I was doing a grammar exercise in the book Mastering Advanced English Language by Sara Thorne. Now, the exercise consisted of a paragraph of text where the reader has to label the pronouns in the text under various headings. When I checked the answers the pronouns "our", "their" and "my" were not listed as possessive pronouns - "ours", "mine" and "hers" were. Aren't these first set of pronouns (our, their, my) and the others like them (eg. your) still possessive pronouns, just in different forms, or not?

  • Your are right. They are genitive (possessive) pronouns, the dependent kind that require a following noun, e.g. "This is our house". The other items you mention, "ours", "mine" and "theirs", are also genitive pronouns, but of the independent subclass, the kind that do not require a following noun, e.g., "This house is ours". Genitive pronoun is the word category (part of speech) for all those items, though we usually consider them subclasses of the larger category noun. – BillJ Apr 7 '18 at 16:44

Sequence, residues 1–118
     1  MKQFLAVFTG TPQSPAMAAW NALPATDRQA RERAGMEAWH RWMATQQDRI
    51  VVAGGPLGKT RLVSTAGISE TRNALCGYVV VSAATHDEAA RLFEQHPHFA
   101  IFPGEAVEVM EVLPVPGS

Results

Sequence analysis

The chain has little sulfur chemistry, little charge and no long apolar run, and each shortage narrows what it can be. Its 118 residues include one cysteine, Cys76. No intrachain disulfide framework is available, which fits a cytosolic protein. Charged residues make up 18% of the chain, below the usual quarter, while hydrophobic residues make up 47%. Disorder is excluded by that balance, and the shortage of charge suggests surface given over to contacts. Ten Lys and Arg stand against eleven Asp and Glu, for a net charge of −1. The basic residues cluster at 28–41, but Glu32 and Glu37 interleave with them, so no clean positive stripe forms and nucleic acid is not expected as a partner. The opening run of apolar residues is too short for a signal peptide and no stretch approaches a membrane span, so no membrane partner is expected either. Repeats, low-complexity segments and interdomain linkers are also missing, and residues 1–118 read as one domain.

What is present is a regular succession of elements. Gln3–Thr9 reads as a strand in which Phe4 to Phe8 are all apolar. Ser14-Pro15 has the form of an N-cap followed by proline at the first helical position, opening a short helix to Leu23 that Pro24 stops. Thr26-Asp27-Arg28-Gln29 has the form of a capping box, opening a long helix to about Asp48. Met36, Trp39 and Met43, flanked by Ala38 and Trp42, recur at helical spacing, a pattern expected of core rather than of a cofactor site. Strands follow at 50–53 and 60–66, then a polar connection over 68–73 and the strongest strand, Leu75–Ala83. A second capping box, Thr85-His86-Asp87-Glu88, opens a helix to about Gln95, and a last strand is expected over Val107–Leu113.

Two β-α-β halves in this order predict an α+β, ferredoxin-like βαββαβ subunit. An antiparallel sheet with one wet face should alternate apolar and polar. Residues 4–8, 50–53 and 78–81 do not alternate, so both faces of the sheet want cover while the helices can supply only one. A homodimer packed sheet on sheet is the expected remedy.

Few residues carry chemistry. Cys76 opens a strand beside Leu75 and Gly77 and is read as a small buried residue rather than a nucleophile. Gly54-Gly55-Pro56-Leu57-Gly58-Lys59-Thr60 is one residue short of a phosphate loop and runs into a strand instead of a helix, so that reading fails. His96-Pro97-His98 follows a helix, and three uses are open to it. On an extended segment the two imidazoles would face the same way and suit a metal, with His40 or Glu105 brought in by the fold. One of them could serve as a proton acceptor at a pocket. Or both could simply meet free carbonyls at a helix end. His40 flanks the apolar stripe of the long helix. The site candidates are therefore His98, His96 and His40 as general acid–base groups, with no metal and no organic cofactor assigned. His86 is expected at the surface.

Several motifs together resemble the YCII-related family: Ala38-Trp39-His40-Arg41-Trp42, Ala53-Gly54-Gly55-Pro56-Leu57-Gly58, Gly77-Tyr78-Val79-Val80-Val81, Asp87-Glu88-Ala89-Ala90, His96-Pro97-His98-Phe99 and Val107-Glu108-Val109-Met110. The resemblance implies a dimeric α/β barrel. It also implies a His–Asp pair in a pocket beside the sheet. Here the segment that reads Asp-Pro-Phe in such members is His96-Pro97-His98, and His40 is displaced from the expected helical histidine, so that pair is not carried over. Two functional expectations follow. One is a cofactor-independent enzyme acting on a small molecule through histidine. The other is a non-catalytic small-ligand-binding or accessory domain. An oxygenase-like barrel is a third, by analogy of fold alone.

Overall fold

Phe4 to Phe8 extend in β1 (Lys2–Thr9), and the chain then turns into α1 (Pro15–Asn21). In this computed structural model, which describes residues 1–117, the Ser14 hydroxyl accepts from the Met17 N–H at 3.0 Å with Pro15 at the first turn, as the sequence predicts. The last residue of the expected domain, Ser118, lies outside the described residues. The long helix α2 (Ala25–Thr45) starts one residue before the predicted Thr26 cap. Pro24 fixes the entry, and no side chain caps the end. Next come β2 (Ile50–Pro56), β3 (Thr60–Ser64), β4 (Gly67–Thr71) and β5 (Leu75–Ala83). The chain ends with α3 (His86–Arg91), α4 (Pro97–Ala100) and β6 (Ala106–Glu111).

Now worries! Found out these words (my, your, his, her, its, our, their) are actually possessive determiners.

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    You're conflating word category (part of speech) and function. Categories are noun, adjective, verb etc., while functions are subject, object, complement, determiner etc. The items that you cite are genitive (possessive) pronouns functioning as determiners – BillJ Apr 7 '18 at 16:44

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